Bry, with 23 percent of the primary vote, will face Assemblyman Todd Gloria, who was supported by 42 percent. Business-friendly Bry will draw support from some Republicans, but Democratic voters outnumber Republicans by roughly two-to-one in San Diego. So I expect more drama.

San Diego City Council, D-1. As with the mayor’s race, this eight-candidate contest was marked by a post-election, come-from-behind win that produced a two-Democrat runoff. Community activist Joe LaCava ran first with 24 percent. On Election Night, firefighter Aaron Brennan held the second spot. But late voters gave the edge to attorney Will Moore, past-president of the Carmel Valley Democratic Club. Moore finished with 17 percent of the vote to 15 percent for Brennan. The First District includes La Jolla, Carmel Valley, and Del Mar Hills, Heights, and Terrace.

Congress. Another two-Dem runoff: In the District 53 race to replace retiring 20-year Democratic Congresswoman Susan Davis, Qualcomm heiress Sara Jacobs (29 percent) will face Council President Georgette Gomez (20 percent) in November.

Meanwhile, in the backcountry of CD 50, Republican Darrell Issa (remember him?) defeated Carl DeMaio for the right to face Democrat Ammar Campa-Najjar in November.

These San Diego-area Congressional races should be of interest to all voters in the region, regardless of where they reside.

Clarification. County Measure A, to require voter approval of new residential development in rural areas, was narrowly defeated, 49 to 51 percent. Good news for developers.

Measure B, which would have confirmed county supervisors’ approval of the 2,135-home Newland Sierra development north of San Marcos, was soundly defeated, 42 to 58 percent. Bad news for developers.

—- Gordon Clanton teaches sociology at San Diego State University. He welcomes comments at gclanton@sdsu.edu

May 14 issue:

Schoolchildren need to be protected from fires, infection and law firms

Bond Measure MM was passed with over 60% of voters approving needed upgrades for schools across the Del Mar Union School District (DMUSD), including the construction of Pacific Highlands Ranch Elementary and the necessary rebuild of Del Mar Heights Elementary (DMHE). The current state of disrepair of DMHE is well known by the community of parents, teachers and children. Children are currently in portables that lack running water, meaning there are no sprinklers in case of a wildfire. There are no sinks for hand hygiene in the portables, which is particularly critical in the COVID-19 era.

Recently, a small group of legally and financially well-connected individuals have created a shadow corporation, “Save the Field,” to attempt to derail the democratic process. They have retained the Procopio law firm which sued the Cardiff School District and obtained a $500,000 settlement paid out by taxpayers. That was money that should have been used to help the students.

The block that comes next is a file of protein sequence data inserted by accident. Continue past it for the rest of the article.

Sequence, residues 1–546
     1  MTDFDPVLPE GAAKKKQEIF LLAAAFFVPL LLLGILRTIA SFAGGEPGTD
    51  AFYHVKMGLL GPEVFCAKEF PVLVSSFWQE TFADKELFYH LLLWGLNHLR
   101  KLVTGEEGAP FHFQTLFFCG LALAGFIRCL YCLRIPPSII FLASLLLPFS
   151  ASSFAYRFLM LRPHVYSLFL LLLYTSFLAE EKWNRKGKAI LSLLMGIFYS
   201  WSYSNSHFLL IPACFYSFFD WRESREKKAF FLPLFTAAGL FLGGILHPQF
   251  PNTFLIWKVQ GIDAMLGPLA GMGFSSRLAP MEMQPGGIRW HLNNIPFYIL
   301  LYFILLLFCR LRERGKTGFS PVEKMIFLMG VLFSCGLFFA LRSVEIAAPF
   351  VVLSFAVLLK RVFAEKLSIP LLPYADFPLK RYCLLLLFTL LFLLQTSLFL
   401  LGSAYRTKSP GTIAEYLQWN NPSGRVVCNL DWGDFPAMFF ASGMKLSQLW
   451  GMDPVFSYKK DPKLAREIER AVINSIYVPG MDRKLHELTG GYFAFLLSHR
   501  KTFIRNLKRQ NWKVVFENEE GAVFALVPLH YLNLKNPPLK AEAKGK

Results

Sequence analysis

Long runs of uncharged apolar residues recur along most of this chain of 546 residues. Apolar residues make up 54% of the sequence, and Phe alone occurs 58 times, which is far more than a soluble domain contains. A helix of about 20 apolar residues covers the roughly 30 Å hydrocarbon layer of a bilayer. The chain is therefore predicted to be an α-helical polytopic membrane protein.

The use of the “Cardiff Coercion” maneuver benefits only law firms and well-connected clients but hurts the community. Save the Field’s attempts at copying this playbook and weaponizing CEQA against our schoolchildren and their safety are frivolous. Why else would they be forced to hide behind the veil of a shadow corporation, as reported in the Del Mar Times (www.delmartimes.net/news/story/2020-04-23/heights)? If the CEO (Kelley Huggett), CFO (Shana Khoury), and secretary (Nermin Nergis) of Save the Field are not the group’s leadership as they themselves state in the article, they should do the right thing and name the actual leaders of their shell organization. The Del Mar community, the teachers and staff, but, most importantly, the schoolchildren deserve to know who is pulling the strings in this movement.

The Del Mar community and its children deserve to have its democratic vote honored, and “Save the Field” and the individuals who lead this organization cannot be allowed to function in the shadows, without any public accountability, as a shell corporation for individuals to hide behind. Now is the time to come together and support the safety of the schoolchildren and staff, and move forward now with the rebuild of Del Mar Heights Elementary.

Sandip Patel

May 28 issue:

Thank you Del Mar Heights community!

A heartfelt letter of thanks to our entire Del Mar Heights community and to everyone involved in the Del Mar Heights rebuild process. While tough at times, the school will be better for the attention and efforts given by so many.

Our DMUSD school board members, district staff and architects went above and beyond to ensure questions and concerns were addressed and thoughtfully answered.

Community members, teachers and staff showed up en masse to provide input with a goal to improve the final product.

Above all else, I am thrilled for the current and future children who will have the privilege to attend school at the new facility. This school will be an amazing asset for our entire community. I hope we can now all put difference of opinion to the side and move forward as neighbors and friends, as that is truly the Del Mar way.

Tricia Dixon

Olde Del Mar

Will they teach Dr. Seuss at the new Del Mar Heights School?